Monday, December 21, 2009

An interview with J.R. Hildebrand

First of all, Thank you very much for taking the time to talk to me, as I’ve enjoyed listening to you on Autosport Radio with Don Kay and also enjoyed your recent article on SPEED TV regarding how your testing opportunity with Force India F1 came about.

HILDEBRAND: Life in the Fast Lane

Tomaso) Growing up in Sausalito, CA and taking the traditional route of Go Karts and into the ladder series of Single Seater Racing Cars, were you aware of other such Californian talents, i.e.; Robby Gordon, Rick Mears, Scott Pruett, Jimmy Vasser, etc.

J.R. Hildebrand: Absolutely. My dad and I were both big race fans before I ever got involved, and while I don’t think if was necessarily because I knew that they were from California and maybe more because they all just had that bit of Californianism in them, those were all guys that I cheered for as a kid and still do. I lived about 25 minutes from Sears Point and only a couple hours from Laguna Seca so if there was some racing to be seen we were there.

T) Who were your “Heroes” growing up Motorsports or otherwise, since I know you also competed in Baseball.

JRH: My heroes were definitely race car drivers. Dale Earnhardt was always someone that I looked up to and admired growing up, but with my dad driving a vintage Trans Am when I was young, I also grew to respect a lot of the names from much earlier times. Mark Donohue, Dan Gurney, Jim Hall… those were all guys that I really had high regard for after learning a little bit more about them. If I had to pick someone outside of racing I’d undoubtedly say Steve McQueen, only because he’s got to be one of the coolest people to ever walk the face of the planet, and I’ve always really looked up to my dad as well.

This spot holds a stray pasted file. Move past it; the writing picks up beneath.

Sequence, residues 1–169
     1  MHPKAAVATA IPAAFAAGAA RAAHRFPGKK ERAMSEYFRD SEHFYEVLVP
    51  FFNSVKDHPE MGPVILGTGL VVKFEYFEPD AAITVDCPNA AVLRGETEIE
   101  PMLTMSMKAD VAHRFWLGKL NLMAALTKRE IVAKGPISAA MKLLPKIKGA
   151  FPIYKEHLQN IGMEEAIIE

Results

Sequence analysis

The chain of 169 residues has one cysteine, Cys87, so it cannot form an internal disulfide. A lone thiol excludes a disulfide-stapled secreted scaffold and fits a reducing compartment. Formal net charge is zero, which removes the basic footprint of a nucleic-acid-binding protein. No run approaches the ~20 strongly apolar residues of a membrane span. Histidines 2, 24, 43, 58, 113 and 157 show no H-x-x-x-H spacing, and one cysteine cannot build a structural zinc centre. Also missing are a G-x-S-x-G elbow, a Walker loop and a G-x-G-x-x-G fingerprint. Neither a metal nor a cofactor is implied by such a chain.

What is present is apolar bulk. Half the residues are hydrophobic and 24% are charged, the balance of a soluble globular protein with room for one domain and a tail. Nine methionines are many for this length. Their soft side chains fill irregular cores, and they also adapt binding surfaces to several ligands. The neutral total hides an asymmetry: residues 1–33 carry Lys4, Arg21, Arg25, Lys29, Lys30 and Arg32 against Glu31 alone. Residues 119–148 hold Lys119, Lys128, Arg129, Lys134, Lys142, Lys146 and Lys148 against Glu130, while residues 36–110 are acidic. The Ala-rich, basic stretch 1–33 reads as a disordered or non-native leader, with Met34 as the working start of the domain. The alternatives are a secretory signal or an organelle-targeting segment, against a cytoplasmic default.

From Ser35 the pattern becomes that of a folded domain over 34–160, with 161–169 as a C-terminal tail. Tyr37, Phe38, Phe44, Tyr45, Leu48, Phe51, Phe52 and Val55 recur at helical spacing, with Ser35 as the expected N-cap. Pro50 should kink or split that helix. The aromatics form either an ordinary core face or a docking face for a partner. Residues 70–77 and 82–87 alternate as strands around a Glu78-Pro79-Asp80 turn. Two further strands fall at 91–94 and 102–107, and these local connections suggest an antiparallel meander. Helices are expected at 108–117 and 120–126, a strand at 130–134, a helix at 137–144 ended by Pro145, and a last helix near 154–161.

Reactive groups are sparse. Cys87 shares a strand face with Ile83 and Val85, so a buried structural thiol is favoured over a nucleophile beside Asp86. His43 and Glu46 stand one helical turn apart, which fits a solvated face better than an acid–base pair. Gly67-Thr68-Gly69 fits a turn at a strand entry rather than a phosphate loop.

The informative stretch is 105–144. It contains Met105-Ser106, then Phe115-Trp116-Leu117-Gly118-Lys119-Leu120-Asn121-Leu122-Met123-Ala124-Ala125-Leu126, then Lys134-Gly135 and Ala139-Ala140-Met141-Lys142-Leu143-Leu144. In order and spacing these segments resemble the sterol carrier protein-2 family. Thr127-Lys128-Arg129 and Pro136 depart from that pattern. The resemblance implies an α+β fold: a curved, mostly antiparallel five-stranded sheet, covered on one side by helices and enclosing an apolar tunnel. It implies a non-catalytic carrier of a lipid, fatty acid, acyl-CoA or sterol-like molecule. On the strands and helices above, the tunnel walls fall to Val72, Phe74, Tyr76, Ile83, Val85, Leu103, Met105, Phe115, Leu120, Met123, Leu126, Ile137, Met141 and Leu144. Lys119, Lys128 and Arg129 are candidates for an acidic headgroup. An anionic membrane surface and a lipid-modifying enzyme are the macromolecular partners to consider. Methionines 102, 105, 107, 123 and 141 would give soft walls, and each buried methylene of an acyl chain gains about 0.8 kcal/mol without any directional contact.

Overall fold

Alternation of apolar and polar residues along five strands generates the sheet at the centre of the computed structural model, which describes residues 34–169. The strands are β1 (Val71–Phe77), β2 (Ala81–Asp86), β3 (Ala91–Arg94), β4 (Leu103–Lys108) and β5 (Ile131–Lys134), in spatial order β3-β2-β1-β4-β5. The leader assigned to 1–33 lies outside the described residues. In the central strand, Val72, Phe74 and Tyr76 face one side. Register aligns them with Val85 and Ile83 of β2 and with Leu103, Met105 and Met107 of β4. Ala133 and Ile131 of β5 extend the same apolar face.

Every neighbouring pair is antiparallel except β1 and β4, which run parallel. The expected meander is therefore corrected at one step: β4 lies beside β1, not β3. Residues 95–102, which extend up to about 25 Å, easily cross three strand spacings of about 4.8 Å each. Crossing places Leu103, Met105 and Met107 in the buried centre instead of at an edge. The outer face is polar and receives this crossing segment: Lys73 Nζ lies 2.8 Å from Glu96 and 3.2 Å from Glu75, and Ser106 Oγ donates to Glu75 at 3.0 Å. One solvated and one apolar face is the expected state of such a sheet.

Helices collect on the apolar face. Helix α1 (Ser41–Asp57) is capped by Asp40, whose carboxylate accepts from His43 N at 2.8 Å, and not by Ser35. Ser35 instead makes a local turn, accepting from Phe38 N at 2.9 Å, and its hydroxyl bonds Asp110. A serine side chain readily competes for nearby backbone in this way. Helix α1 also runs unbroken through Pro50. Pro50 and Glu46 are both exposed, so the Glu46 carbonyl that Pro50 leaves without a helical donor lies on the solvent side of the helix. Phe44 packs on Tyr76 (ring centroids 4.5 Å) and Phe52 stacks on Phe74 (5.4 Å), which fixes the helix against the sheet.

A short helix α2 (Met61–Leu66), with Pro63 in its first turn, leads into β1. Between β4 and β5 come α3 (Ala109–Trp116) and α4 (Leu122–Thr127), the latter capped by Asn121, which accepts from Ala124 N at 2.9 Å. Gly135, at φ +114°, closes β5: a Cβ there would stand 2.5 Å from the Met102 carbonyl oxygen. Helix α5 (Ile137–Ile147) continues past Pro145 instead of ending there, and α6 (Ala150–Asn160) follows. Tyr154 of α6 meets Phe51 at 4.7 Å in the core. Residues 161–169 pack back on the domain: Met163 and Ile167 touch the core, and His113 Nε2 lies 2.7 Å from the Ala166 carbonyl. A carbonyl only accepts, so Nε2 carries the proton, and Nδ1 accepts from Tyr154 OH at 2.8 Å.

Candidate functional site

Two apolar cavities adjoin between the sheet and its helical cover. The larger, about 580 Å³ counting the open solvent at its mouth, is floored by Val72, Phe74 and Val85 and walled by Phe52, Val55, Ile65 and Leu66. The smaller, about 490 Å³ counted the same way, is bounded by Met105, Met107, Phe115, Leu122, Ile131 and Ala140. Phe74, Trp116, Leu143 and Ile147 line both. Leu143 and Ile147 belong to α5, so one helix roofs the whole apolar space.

T) And were you ever interested in racing in the Dirt? As Gordon, Mears and somebody named Jimmie Johnson all cut their “teeth” in Desert Racing I believe?

JRH: I’ve always thought that dirt track racing looked like a hell of a time, off road maybe even more so, but haven’t yet gotten the chance to get involved. Racing at Baja if nothing else is definitely on my list of things to eventually get into. Without a doubt.

T) Have you ever raced at Portland International Raceway, Pacific Raceways or elsewhere in the Pacific Northwest; either Karting or Cars? And if so what are your recollections about these tracks?

JRH: I raced at PIR four times, twice with two wins in FF2000 and then again in Atlantics, and I always really enjoyed the track. It was one of those places that, especially if you were starting up front, you might need to risk running less downforce just for the run down the frontstraight on the start! It was a challenging track that had a lot of character.

T) I’ve read that you moved up steadily from Formula Ford (FF2000) to Atlantics to Indy Lights and now beyond. Do you feel that this has adequately prepared you for your future in either IndyCars or F1?